Insta360 One X2 first look: new bells, same whistles

Den W. Den W. 28 October 2020 Follow
Insta360 One X2 first look: new bells, same whistles

I first heard of Insta360 back in late 2018-ish when they released the One X. And at the time there were other consumer 360 cameras on the market, such as the Theta S which was my first 360 camera, but Insta360, they marketed their camera differently.

Whereas most 360 cameras were pushing towards shooting for VR or shooting 360-degree photos that you could scroll around on Facebook, Insta360 was marketing towards reframing. They wanted people to be able to film themselves rather than focusing on the whole world around you or filming for VR.

And it was just this idea that, we pick up these tech tools, and we use them once and unless we have a really specific idea of what we're going to use them for, we often don't get enough use out of them for how much we pay for them.Insta360 One X2 first look: new bells, same whistles

And it's true, the One X didn't make its way into my daily life, but 360 cameras made their way into my creative life because once the pandemic hit, I had to make videos without a crew. We are on our way to the Brooklyn Heights Promenade. I didn't have time to make crazy camera rigs, and I didn't have time to set up every single shot of myself. So I turned to the GoPro Max and I chose a Max over the One X because GoPro's desktop editing software was much easier to use. The camera felt more rugged and therefore I just trusted myself more with it. And I really liked having a color screen, but now we have the One X 2. And although I don't have time for a full-blown review because it is fully Techtober, I do wanna give this guy a spin to see what Insta360 has learned since the One X. 

On paper, the One X 2 adds a full color touch screen, it's got longer battery life, it's got IPX8 water resistance and even more AI powered editing tools all for $430, which is only $30 more than its predecessor, the One X.Insta360 One X2 first look: new bells, same whistlesInsta360 kept the same basic rectangular shape, but it refined the hardware with two new latched compartments. One for a battery and the Micro SD card and another for a USB-C port. The X 2 also has plastic textured rails that run along the outside of the camera and overall they just make the camera feel more rugged.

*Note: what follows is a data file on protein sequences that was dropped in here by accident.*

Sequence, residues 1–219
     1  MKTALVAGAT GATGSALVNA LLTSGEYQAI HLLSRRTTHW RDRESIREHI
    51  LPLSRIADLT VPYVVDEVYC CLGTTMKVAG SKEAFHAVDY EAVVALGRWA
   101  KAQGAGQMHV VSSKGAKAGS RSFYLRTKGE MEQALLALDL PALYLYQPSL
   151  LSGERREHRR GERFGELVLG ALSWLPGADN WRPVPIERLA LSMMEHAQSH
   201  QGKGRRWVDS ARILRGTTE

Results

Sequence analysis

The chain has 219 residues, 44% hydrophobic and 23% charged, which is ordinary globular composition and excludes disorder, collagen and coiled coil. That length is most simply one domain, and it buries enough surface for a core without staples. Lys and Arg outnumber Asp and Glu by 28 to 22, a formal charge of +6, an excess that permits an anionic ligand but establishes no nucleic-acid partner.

And of course there are still two very large, protruding lenses off either side of this camera, which, that will never not bring me loads of anxiety, but it is absolutely to be expected with 360 cameras.Insta360 One X2 first look: new bells, same whistles

Also, new this year is that IPX8 water resistance. That water resistance offers up to 10 meters of waterproofing without an underwater housing, but Insta360 claims that underwater, 360 degree footage stitching is still not possible without specialized dive cases or underwater lens guards. And that's because water refracts light and it creates visual aberrations, and it's really hard for an algorithm to stitch that footage and I mean, that's a problem for most 360 cameras. So nothing new here That water resistance does make it feel more rugged though. And you can also use a single lens of this camera. So it makes the camera just more of an action cam than anything else.

The most obvious upgrade is the new touch screen though. While 360 cameras are shooting everything in sight, being able to see the angle at which the camera is seeing the world is important, especially when taking photos. You can also watch playback, change settings, switch camera modes, all on this circular screen and I gotta say, this is one of the most responsive touchscreens I've used on an action camera.Insta360 One X2 first look: new bells, same whistles